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    Legally Speaking: Pre-trial agreements alter monetary awards

     

    Failed tubal ligation results in unintended pregnancy

    A Maryland woman and her husband decided that they no longer wanted to have children and expressed this to the woman’s gynecologist, who recommended that she undergo a laparoscopic tubal ligation. Several months later, the patient became pregnant and gave birth to a son.

    They sued the gynecologist and claimed that this additional child put an economic hardship on the family, now raising 4 children. The fourth child has language delays and learning disabilities.

    The gynecologist contended that a known, common complication of this procedure can be the regrowth of the fallopian tubes, resulting in unintended pregnancy.

    The verdict

    The verdict was for the patient and her husband. The award was $240,000 for the cost of raising a fourth child and $157,000 to cope with the child’s special needs, for a total of $397,000.

    Torn sigmoid colon during ovarian cyst surgery

    A New York woman in her 40s had a large cyst on her ovary surgically removed in a hospital by her gynecologist. Following the operation, the patient experienced intense abdominal pain, which went undiagnosed for 10 days. When the patient was seen, her white blood cell count was abnormal and exploratory surgery was done, which revealed a tear in the sigmoid colon. A colostomy was done and the woman had another operation to repair the tear and a residual hernia.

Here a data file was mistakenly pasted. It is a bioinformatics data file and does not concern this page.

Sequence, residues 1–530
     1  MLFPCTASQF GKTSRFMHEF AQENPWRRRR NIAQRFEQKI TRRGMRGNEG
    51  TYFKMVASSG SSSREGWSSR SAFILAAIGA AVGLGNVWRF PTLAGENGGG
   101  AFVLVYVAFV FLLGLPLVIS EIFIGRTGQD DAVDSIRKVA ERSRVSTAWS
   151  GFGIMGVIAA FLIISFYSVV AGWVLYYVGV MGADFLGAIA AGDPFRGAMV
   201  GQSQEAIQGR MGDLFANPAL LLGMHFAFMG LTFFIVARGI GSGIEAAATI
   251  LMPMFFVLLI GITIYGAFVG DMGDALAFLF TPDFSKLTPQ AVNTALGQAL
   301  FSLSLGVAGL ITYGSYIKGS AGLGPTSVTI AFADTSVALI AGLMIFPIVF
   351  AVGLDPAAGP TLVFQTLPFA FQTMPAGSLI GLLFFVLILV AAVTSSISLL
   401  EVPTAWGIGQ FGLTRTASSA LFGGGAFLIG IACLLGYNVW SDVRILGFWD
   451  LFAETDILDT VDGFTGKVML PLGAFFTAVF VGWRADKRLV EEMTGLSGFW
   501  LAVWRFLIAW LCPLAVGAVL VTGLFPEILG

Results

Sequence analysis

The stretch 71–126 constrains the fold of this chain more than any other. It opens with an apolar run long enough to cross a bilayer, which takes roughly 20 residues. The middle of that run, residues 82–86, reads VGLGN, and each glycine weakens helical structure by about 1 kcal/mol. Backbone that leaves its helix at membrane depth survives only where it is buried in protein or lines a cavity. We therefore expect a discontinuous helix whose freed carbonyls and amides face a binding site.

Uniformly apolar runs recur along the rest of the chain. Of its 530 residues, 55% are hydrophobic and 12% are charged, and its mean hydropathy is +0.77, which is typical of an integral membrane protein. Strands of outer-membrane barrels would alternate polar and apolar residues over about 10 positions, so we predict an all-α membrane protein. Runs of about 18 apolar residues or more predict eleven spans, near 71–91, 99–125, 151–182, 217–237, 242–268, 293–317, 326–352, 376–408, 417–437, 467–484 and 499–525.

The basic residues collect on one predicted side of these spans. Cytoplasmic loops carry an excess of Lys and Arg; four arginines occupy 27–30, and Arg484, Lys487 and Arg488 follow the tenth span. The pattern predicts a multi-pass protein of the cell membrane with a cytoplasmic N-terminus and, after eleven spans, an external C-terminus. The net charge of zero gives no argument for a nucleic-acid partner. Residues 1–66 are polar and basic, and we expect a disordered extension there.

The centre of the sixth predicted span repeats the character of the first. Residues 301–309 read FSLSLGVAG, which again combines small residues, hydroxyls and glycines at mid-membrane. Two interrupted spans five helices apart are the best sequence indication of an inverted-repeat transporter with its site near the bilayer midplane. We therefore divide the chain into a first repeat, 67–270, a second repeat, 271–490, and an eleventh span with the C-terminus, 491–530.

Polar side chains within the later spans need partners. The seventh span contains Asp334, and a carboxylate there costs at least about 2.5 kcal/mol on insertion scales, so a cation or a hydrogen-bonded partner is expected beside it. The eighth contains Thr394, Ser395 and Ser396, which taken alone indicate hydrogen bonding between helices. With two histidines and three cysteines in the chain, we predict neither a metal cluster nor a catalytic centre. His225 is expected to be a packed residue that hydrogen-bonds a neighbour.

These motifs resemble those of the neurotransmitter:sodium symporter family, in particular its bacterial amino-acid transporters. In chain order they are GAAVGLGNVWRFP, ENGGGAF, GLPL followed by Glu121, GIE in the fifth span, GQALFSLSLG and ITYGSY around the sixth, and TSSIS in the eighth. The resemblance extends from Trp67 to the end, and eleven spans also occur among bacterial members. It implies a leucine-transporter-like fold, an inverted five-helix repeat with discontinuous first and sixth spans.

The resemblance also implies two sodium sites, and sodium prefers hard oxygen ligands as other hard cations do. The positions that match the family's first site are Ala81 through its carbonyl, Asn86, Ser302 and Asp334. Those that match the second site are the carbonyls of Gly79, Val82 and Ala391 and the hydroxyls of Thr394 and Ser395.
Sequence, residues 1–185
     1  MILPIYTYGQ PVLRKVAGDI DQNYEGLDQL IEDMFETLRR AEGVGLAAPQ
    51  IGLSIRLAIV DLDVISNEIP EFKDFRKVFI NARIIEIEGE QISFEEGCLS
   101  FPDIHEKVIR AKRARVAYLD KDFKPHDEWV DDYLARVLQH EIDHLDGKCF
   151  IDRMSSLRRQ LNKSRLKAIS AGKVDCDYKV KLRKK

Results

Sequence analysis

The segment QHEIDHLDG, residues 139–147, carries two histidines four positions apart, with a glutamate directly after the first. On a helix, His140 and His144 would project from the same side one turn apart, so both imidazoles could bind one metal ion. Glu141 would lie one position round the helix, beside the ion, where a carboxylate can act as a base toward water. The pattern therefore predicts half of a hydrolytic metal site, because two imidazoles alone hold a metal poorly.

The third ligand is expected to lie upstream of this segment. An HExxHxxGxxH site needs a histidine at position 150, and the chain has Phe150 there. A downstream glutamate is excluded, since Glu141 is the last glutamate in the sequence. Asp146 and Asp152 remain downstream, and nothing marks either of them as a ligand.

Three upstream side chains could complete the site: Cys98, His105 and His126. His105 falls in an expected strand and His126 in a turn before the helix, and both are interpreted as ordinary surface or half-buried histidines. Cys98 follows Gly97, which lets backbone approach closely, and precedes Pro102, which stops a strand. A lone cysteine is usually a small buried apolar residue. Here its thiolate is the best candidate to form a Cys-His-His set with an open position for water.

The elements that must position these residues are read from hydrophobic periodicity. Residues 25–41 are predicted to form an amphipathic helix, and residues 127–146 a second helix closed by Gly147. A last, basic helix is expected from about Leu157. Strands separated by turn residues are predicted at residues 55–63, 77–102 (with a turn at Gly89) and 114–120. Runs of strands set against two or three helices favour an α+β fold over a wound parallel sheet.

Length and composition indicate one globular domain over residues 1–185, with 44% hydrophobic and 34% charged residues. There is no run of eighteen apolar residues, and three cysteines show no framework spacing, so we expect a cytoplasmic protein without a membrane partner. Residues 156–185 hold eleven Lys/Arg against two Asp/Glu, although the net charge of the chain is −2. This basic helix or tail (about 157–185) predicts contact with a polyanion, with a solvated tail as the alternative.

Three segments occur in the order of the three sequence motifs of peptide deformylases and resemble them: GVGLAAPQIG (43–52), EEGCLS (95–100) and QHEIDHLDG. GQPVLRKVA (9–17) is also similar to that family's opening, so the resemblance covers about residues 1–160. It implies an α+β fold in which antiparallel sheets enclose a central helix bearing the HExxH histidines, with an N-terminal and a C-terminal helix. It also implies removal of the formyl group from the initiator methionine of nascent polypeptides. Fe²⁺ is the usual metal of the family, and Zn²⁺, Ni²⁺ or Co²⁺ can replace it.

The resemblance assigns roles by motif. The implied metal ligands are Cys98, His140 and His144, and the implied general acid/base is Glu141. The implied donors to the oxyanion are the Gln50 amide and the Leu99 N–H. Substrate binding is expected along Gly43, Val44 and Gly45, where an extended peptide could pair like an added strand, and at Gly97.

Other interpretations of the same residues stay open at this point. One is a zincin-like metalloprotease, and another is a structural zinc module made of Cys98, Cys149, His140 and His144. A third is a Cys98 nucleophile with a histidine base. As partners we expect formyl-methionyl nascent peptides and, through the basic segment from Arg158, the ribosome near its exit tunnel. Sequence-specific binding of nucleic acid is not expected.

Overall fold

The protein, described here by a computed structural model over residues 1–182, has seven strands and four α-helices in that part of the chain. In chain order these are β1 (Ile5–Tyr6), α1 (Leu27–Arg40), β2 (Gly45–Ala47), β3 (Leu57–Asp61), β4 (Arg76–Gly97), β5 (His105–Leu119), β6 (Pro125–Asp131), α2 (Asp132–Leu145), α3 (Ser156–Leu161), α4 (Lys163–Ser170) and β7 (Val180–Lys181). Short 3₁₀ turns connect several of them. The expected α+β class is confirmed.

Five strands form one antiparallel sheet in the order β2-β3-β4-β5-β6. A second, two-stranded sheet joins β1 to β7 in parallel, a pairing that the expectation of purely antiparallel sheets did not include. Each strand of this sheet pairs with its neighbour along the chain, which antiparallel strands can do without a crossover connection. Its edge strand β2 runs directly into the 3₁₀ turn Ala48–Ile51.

The patient sued the original gynecologist, claiming that her colon was torn during the first surgery and that he failed to properly perform the procedure and to address the injury in a timely manner.

    Next: Rates of unintended pregnancy in US at historic low

    The gynecologist argued that colon injury is a known complication of this procedure and such injuries are not readily identified until days after the operation.

    The verdict

    The jury awarded the patient $20,000 in past lost earnings, $700,000 in past pain and suffering, and $800,000 in future pain and suffering, for a total award of $1.520 million.

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    • UBM User
      After years of reading about trial and settlement results, it strikes me that there is no real educational purpose reading about the cases selected. Clearly, as readers not privy to the additional details necessary to render a peer-reviewed opinion, we are left with a recurring theme. What are we supposed to conclude? Let's be frank - it is simply that our current tort system is incapable - by its own design - to render a predictable outcome. Attempts to rationalize this are disingenuous, at best. This is a national disgrace and our respective physician representative organizations have been frustrated for decades at every attempt to reform it by making the system fairer to the alleged injured party and to the providers who render care. OBGs and our specialty have taken many direct hits as a result. So, why do keep reading about these cases? Why are we even considering a strategy where the physician is put in a "catch-22" and loses each time? It may have something to do with the fact that the people in control of the system like it that way because they benefit? If they were actually concerned about the unreliable results of "their system" and if they had a conscious they would be proponents for an alternative system where justice could be reliably metered out.

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